Back to school? Not this time!
For many of us a new academic year starts in early September. It signals fresh beginnings, therefore resolutions, pledges and promises to be a better student or teacher are expressed. As a secondary trained teacher I’ve experienced this for long enough for it to have become a routine. This year, however, the new term hails something different.
It’s time I graduated! Ahead of me lies some serious research into whether an aspiration to build a low impact house and provide for my basic needs off the land is not only possible for me, but also an enriching way of life. Or is it just a mad pipe dream? This research is not the sit at a lap top type but a far more unfamiliar thing: can I go outdoors daily - month after month, learn to manage woodland and chop and store wood? Can I learn to tend livestock, tend crops, harvest and process quantities of food much greater than I am used to? Can I cope with off grid power? Can I learn the skills of house building? Can I earn enough cash from a micro enterprise from the land? The yield from this academic year is not just “Can I? But do I really, really want to?” And the only way to find out is to get away from this blessed lap top, my email account and a Google search engine.
My experience of transition has been slow and relatively gentle but change there has been for sure. I no longer want to work in places that are contrary to the basic premise of “earth care, people care”. Over the last five years that gentle change has included getting an allotment, keeping chickens, joining the education group in Transition City Lancaster, supporting the running of the film programme and facilitating the 100 mile meal project. De-cluttering the house of stuff and limiting all consumption of new stuff, undertaking a domestic energy review and transferring to a renewable electricity company, undertaking a financial review and transferring savings to the Ecology Building Society. But a further reaching transition has been to explore right livelihood and disconnect the links between borrowing for a roof, over-working and travelling long distances to work. A low carbon future means all of this has to change. How?
One way has been to research low impact, self build housing, and intentional communities. Last year my partner Rob and I visited Lammas in Pembrokeshire; a pioneering eco-village which had struggled to gain planning permission using One Planet Development Policy; a Welsh mainstream policy which allows building in rural areas if it is evident that the ecological footprint of the dweller is reduced from 4.4 hectares to 1.9 hectares and that basic needs can be met from the land. Paul Wimbush’s new book “The Birth of an Eco Village” catalogues his story and persistence to reverse the usual trend of off grid communities to apply for planning permission retrospectively.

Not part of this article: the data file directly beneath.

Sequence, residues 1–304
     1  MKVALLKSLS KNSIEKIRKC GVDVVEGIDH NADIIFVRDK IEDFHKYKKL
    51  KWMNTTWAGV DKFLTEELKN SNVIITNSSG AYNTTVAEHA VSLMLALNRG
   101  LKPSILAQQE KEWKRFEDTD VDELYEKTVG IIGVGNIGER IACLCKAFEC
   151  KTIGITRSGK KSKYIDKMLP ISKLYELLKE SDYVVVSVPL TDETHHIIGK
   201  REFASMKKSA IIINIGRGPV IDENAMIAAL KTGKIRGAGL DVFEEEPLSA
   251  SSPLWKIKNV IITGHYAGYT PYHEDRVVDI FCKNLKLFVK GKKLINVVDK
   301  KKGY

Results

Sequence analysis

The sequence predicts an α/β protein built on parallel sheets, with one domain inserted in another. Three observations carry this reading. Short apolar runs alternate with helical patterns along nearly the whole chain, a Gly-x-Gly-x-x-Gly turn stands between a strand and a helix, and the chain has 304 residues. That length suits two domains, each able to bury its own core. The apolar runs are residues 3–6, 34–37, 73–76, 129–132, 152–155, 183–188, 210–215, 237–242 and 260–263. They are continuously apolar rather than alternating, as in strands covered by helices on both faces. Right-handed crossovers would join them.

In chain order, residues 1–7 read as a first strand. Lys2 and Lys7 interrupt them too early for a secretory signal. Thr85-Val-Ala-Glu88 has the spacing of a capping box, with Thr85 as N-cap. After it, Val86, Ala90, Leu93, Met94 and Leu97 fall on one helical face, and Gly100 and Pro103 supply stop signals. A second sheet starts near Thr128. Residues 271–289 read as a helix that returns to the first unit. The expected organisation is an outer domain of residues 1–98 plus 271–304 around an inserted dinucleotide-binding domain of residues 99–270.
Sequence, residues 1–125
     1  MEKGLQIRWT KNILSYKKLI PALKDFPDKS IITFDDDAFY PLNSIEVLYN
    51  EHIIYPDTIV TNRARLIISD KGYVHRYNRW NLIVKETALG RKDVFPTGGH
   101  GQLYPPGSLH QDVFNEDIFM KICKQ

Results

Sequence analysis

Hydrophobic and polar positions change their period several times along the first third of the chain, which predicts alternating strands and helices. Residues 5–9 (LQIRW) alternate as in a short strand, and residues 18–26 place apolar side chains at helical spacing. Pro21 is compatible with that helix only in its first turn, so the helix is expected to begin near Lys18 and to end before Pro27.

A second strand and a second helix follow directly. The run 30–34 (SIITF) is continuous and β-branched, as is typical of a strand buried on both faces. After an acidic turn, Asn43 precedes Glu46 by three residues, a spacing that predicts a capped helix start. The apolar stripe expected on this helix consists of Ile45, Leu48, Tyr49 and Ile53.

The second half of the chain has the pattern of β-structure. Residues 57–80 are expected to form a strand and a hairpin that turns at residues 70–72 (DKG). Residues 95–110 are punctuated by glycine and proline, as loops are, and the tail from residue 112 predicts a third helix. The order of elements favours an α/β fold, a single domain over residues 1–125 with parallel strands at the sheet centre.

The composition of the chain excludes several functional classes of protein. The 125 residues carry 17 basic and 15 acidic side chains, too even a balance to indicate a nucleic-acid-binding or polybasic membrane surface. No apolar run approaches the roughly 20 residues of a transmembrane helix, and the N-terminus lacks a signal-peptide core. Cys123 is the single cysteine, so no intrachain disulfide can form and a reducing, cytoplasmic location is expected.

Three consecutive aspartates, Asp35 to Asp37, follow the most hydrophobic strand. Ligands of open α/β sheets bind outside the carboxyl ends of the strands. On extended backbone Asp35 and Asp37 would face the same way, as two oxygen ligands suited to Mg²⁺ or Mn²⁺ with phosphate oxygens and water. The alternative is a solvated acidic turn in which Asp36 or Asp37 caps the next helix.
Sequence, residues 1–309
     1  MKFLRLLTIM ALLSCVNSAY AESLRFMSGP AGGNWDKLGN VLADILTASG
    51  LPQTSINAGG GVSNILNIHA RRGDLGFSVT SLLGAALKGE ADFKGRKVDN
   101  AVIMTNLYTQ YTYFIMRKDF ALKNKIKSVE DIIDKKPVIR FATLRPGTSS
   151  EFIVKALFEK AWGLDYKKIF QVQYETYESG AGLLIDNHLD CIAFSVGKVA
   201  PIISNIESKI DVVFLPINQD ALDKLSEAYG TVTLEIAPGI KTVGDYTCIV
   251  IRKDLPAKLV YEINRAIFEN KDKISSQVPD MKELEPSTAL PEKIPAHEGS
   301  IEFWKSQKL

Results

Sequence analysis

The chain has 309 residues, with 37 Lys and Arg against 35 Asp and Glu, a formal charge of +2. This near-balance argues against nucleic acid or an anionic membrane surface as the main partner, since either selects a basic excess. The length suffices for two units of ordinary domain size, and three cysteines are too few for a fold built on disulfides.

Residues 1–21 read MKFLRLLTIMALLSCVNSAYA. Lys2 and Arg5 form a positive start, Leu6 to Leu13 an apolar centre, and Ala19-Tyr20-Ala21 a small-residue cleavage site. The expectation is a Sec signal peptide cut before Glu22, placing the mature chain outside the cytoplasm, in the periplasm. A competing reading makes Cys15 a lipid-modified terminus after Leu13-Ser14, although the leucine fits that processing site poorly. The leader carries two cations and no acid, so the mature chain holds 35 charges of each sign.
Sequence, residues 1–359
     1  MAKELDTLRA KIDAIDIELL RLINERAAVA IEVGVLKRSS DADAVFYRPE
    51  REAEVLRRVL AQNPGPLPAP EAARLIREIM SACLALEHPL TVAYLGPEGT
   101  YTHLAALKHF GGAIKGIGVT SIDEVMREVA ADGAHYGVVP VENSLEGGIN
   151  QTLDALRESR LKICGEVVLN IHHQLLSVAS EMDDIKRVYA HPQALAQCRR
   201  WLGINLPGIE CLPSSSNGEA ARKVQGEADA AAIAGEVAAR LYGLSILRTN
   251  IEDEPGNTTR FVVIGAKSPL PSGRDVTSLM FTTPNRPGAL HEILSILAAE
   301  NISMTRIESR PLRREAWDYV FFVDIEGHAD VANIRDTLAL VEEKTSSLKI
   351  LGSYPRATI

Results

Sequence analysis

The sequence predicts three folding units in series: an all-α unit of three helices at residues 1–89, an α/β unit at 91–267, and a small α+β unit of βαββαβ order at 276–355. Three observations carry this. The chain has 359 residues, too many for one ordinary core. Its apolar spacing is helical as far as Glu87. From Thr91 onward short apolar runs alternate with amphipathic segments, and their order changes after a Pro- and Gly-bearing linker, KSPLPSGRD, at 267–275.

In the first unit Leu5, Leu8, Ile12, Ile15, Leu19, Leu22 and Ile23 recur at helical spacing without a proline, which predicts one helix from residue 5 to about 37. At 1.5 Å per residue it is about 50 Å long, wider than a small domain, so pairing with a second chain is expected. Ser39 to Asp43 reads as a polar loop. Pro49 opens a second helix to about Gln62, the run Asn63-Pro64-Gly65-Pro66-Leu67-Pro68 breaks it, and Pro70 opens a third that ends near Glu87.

Lammas gave Rob and I good insight into planning policy and an understanding of how to plan a small 4/5 acre plot. This way seemed to offer both Rob and I a way forward to connected home and livelihoods that are truly ethical and that we can afford. We left not only with the confidence that we could do it, an acceptance that we would move to Wales but also a commitment to a group of other like minded people to meet again and discuss ways forward.
This year has been a year of great optimism, new friendships and the hard work that building a new organisation involves. We worked through a shared vision, a basis of unity, got training and explored consensus decision making, researched building regs, set up a website for internal discussion. We kept the group closed and focused and we chose a name “ Bedwen” Welsh for Silver Birch. We set up as an unincorporated organisation. We searched for land. At the end of our year we are now two groups labelled the Southwest Wales group and the Borders. This summer we organised a group volunteer project and built a compost loo at Monkton Wyld Court. A much needed hands on antidote to a 12 month transition from a dream to a more defined vision which came about largely by long meetings and lots of talking.
Back to school: As the kids don their new uniforms and write their new date on their new exercise book it is my intention to stay away from the classroom. But I continue to make some September pledges; to develop a much more physical relationship with nature, to explore a low impact life, and to get the hell off this computer!
We will start to volunteer on farms and in communities from mid September.
If you know of Land for Sale: 10- 50 acres of mixed pasture and woodland with a spring, in Wales, please contact me: email@example.com
Experience week and Eco Village Conference at: http://www.lammas.org.uk/
For an analysis of ‘OnePlanetDevelopment/ TAN 6’ try The Land Autumn 2010 or of course Google it!
Photographs: Putting the roof on the compost loo (Gwen) Gwen on new shingle roof and Compost Loo Monkton Wyld (both Rob Oakey)
Guest Blogger: Gwen Sanderson resigned this summer after 15 years as an English/Special Needs teacher. Originally from Cumbria she lived in Leeds for 12 years and undertook an MA in Global Sociology in 2005 at MMU. She lives with Rob Oakey in Lancaster.